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  26. Broken Arrow (1996)

    This was good. I wish I could watch all the 90's action movie. I looked at the wiki linked from the primer, and was so exciting to see every movie on the long list. Then I realized I was only looking at the movies from 1990. 1991 was another list.

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  27. The Rocketeer (1991) Dir. Joe Johnston

    I haven't seen this in maybe 25 years, and man what a treat. I remember moments here and there, but what I couldn't appreciate when I was 8 was the script. It's so tight. Every set up pays off, sometimes big. The story picks up right away and never stops kicking. So glad I picked this tonight.

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  28. RUSH HOUR (1998, dir. Brett Ratner)

    Finally watched this movie and… it’s totally decent! Always nice to see more Jackie Chan.

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  29. DRIVE (1997, dir. Steve Wang)

    I can't remember if I've seen this before or not. I know JP (a prince) has been talking it up for years, so it was nice to officially check it out for '90s action day. A little long, but great energy and fight scenes. Mark Dacascos rules and Brittany Murphy is always welcome, particularly in unhinged mode. Really fun.

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    Replies
    1. This flick was a HUGE discovery for me this year. As a lover of all things martial arts and action, it was off my radar. Great fights. Silly flick. And a fun baddie.

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  30. Under Siege (1992)

    The premise is really good: terrorists take over a navy ship to steal weapons, but they don't know the cook was a navy seal!

    Unfortunately Steven Seagal is just...not great. Tommy Lee Jones and Gary Busey are giving it their all, and I just kept wishing the lead was someone else. Which then became a fun brainstorming game. Who in 1992 would have been better?

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  31. Watched a not-so-hot transfer on Amazon Prime

    Gary Daniels strains credulity, defies the laws of physics, and engages in general mayhem in Joseph Merhi‘s Rage. Aside from some seasoned hams like Peter Jason and Kenneth Tigar, the acting is…secondary to other concerns. Daniels plays a public school teacher who is incredibly well-trained in physical combat, weapons, demolition, and also advocates for children to love each other. By chance, he’s abducted by a conspiracy of state troopers who inject him with an experimental serum, that makes him even more of a badass. The rest of the movie is the conspiracy trying to recapture him, and contain the media frenzy. The movie is pretty routine, but there’s an incredible truck chase with explosions about 25 minutes in that’s pretty inspired, and worth your time. Most of the fight choreography is less inspired, but at one point the film goes meta, and Gary’s fighting off the bad guys in an action section of a video store full of B-movies like this one. Totally worth it, once.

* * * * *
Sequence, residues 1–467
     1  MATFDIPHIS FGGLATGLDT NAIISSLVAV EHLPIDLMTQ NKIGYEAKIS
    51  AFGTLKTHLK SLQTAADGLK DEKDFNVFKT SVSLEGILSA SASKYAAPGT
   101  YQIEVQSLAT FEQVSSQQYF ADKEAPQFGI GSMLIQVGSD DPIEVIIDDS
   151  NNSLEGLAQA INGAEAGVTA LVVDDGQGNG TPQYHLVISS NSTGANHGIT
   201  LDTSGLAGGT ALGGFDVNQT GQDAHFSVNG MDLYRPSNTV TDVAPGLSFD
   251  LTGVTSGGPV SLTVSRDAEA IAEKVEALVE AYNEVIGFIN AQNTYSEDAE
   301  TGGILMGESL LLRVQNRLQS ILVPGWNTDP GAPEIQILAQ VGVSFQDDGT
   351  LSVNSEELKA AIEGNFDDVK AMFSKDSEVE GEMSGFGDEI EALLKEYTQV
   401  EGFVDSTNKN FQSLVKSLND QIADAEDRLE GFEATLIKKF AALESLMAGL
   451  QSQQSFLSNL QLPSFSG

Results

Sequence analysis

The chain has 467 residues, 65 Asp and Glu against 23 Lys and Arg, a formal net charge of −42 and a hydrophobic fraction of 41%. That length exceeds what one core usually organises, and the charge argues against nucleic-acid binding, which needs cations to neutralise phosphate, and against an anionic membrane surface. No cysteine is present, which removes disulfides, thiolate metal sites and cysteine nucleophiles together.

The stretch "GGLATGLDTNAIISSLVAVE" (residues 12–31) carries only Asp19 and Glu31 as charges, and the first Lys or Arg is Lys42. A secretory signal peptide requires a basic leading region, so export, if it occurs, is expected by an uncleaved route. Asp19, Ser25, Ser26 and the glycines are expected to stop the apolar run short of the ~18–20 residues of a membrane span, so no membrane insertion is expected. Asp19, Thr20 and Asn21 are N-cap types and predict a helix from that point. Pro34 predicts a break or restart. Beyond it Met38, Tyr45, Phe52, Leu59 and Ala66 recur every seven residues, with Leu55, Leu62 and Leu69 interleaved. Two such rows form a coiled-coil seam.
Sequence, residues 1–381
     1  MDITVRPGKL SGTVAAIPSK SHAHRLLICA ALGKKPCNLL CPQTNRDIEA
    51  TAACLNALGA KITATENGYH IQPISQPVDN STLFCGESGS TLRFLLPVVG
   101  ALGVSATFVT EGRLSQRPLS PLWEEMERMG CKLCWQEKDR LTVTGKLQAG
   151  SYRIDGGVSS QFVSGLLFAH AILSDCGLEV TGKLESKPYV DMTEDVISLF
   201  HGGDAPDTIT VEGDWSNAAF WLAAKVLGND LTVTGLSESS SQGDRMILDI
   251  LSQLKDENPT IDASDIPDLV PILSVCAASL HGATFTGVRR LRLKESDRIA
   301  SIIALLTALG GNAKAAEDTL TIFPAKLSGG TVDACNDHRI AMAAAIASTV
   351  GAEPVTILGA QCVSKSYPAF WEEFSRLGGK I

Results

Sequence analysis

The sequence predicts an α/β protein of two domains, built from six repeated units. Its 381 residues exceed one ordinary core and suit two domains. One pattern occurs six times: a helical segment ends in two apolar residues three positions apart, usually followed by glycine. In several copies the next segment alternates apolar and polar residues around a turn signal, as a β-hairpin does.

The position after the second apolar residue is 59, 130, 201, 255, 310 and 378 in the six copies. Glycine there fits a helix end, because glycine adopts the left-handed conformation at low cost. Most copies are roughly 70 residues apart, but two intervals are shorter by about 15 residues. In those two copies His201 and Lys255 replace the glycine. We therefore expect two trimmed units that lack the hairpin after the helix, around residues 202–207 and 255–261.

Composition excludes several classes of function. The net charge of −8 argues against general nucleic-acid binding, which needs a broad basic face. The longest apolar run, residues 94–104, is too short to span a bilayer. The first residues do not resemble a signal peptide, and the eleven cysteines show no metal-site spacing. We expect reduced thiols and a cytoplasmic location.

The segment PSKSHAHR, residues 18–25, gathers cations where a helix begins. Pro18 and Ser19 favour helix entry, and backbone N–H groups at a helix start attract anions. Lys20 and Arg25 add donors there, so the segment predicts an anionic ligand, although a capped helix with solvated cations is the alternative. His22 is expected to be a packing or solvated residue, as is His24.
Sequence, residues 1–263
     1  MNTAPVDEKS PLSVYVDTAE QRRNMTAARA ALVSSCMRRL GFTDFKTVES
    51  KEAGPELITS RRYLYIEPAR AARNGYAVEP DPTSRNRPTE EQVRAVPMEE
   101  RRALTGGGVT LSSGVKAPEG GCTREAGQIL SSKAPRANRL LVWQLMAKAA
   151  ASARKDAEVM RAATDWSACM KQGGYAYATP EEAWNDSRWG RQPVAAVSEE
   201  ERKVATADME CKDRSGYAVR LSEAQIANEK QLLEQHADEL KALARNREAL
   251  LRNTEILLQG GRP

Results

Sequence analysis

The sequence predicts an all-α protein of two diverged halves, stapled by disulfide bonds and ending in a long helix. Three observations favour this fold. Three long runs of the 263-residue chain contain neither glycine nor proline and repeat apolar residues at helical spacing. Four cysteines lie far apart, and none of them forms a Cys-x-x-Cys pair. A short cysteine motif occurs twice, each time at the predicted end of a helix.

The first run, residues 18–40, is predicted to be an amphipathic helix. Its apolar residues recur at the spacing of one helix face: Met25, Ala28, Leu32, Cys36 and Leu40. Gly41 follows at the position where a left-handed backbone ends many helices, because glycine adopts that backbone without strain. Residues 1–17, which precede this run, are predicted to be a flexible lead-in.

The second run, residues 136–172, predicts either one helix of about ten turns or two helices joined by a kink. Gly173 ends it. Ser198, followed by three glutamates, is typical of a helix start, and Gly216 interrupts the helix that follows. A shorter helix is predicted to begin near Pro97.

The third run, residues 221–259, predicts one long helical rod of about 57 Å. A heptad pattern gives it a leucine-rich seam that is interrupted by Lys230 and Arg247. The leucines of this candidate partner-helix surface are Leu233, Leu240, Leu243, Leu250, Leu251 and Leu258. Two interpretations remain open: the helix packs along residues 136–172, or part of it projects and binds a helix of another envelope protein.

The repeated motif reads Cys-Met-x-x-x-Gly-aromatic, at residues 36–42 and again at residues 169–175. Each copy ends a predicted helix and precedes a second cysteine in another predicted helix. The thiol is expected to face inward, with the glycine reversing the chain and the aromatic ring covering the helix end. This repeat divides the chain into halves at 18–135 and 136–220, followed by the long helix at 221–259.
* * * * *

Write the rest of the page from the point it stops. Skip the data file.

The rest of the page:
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  32. Air Force One (1997)

    Perfect example of how star power can carry a movie. Harrison Ford convinced me that a president could pull that off. ๐Ÿ˜„ It was fun revisiting that one.

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  33. Dead Presidents (1995) Albert & Allen Hughes

    First time watch. Crazy stacked ensemble cast. The Hughes Bros. make this movie feel so sprawling and huge. The heist could be a little more interesting, but I really enjoyed this one.

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  34. Only the Strong(1993) Dir: Sheldon Lettich

    Mark Dacascos returns to his hometown of Miami to help troubled youth by teaching them Capoeira. This my first introduction to Dacascos' but this movie isn't as great as I remember. That said this is one I still enjoyed quite a bit. Not shot great and the acting is on the weaker side but its still a lot of fun and does what it sets out to do. For those that have not seen it be prepared though. You will get a song stuck in your head. Its going to happen. You may even find yourself humming this song at random intervals for the next 18 years. You have been warned.

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  35. Cliffhanger (1993) - Since I watched Cobra for 80s Action I decided to stick with another new Stallone. This is a profoundly stupid movie that ended up winning me over with its stupid-ness. Multiple doses of melodrama, fantastic locations, a couple of great action set-pieces, and (what I was hoping for when I chose it) John Lithgow chewing mountains of scenery throughout. I expected some of the more egregious lines of dialogue to stick with me, but honestly there were so many of them that I couldn't choose (or remember) just one.